Disrupting arms company recruitment is an effective way to challenge the arms trade. Arms companies rely on hiring graduates to keep their business going. This makes universities an obvious recruiting ground, as there are many people who will soon be qualified and looking to start a career.
Since the terrorist attacks in Paris, the French government has declared a national state of emergency; giving exceptional powers to security services and police. This is being used to suppress dissent and civil disobedience during the UN climate talks which started yesterday. Big events such as Christmas markets and football matches have been allowed to go ahead, but all protests and marches have been banned. Squats have been raided, activists have been placed under house arrest and have had possessions seized.
In the UK, South Korea and New Zealand, activists have been taking action against the global arms trade.
I had barely recovered from the marathon of activism against the DSEI arms fair in September, when I found myself on a plane to Seoul, South Korea: to take action against the ADEX arms fair. I joined activists from five continents for a gathering organised by the Korean anti-militarist group World Without War and the international network War Resisters International.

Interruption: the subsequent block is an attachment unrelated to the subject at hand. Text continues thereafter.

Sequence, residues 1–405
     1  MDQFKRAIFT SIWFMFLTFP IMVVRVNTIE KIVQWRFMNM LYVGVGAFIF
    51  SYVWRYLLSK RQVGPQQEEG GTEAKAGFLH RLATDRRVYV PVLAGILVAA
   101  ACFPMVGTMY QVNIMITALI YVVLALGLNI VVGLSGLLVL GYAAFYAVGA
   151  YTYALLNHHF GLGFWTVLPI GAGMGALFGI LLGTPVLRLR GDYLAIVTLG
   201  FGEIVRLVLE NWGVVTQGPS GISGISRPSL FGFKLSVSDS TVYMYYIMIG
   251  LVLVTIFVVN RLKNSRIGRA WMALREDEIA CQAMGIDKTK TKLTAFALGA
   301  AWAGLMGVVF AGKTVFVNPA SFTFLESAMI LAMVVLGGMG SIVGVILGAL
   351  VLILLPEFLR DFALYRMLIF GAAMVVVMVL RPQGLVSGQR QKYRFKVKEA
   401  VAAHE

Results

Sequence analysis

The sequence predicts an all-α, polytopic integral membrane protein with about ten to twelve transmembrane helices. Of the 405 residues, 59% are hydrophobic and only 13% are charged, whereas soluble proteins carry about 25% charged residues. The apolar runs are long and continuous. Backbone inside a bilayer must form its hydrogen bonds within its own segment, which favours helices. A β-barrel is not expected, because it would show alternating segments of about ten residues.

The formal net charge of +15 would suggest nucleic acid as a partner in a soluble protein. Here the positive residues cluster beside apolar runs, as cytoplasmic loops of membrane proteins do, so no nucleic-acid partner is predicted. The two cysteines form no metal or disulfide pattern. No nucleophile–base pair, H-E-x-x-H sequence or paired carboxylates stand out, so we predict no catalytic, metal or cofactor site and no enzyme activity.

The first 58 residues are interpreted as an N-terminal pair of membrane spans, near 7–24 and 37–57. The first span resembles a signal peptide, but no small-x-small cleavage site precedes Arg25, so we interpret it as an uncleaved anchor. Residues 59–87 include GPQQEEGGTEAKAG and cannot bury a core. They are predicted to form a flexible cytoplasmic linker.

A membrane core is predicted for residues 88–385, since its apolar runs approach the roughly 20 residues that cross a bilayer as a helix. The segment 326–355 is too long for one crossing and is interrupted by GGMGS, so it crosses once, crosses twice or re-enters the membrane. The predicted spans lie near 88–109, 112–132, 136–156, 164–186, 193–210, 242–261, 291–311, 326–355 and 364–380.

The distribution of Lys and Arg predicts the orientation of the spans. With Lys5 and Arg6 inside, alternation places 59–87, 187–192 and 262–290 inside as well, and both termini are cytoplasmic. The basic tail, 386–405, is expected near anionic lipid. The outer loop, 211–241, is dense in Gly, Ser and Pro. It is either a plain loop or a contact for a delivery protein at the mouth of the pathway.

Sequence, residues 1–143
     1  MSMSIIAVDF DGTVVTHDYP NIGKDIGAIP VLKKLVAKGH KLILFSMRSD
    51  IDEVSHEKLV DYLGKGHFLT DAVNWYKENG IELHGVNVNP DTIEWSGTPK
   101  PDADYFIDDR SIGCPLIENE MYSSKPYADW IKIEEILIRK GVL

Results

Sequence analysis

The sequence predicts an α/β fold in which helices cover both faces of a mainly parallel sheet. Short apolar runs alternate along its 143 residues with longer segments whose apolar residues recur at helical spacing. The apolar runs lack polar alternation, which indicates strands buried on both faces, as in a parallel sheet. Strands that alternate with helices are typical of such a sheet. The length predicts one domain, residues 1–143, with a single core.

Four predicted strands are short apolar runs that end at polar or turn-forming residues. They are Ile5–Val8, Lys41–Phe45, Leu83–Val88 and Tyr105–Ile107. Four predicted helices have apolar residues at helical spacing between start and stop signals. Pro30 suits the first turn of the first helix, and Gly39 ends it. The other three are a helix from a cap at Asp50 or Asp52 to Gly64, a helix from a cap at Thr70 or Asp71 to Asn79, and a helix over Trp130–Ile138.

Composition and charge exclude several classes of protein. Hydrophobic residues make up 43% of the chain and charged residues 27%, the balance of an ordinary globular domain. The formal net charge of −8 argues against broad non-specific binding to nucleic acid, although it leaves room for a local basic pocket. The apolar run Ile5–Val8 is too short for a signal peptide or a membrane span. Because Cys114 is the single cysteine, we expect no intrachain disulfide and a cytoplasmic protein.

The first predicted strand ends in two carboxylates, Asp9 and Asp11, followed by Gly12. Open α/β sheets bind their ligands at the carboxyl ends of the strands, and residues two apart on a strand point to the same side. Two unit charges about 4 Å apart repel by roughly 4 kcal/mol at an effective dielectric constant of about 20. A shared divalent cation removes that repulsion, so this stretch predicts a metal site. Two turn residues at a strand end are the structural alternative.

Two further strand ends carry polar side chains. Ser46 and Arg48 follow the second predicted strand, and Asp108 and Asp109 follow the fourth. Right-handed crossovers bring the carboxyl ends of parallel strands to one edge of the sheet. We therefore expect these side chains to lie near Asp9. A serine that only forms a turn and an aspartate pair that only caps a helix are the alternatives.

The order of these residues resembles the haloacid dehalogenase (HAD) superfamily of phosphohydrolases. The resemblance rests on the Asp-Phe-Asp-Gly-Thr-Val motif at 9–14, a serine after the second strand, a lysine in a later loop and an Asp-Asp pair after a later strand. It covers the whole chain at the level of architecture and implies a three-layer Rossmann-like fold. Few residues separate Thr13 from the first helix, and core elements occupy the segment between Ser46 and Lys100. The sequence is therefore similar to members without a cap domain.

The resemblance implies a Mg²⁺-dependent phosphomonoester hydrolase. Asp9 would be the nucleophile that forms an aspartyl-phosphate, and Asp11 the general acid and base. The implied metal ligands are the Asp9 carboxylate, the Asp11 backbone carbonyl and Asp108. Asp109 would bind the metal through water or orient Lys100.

On 21 October, activists invaded the former Manston Airport, in Kent, in broad daylight and occupied the roof of the WW2 control tower. Arms company Instro Precision rents the top floor for R&D and customer demonstrations, and it was seeking to expand by moving its whole operation to the airport from its current base in nearby Broadstairs. Thanet District councillors were due to vote on the planning application later the same day. Activists – who had already occupied the company’s facilities in February and July this year – were determined to stop the move and the expansion from happening.
Why? Because Instro is owned by Elbit Systems, the largest supplier of drones to Israel, meaning we can be almost certain that Elbit’s technology was used to commit likely war crimes in the massacre of Gazans by Israel in 2014. Not only that, but Elbit is also a supplier of arms to the regimes of Saudi Arabia and Turkey – both known to have supported ISIS financially or militarily. In other words, Instro-Elbit is fueling some of the worst conflicts and
facilitating some of the worst oppression in the Middle East. Continue reading “Stop Elbit victory: No arms company expansion in East Kent!”
The Network For Police Monitoring (Netpol) have launched a new way for opponents of Prevent, the government’s ‘anti-radicalisation’ programme, to make a public stand against its draconian surveillance methods, stigmatization of political dissent and disproportionate targeting of Muslim communities. CAAT is proud to be one of many organisations to join ‘Together against Prevent’ and stand in opposition to the flawed assumptions behind this discredited approach to countering terrorism.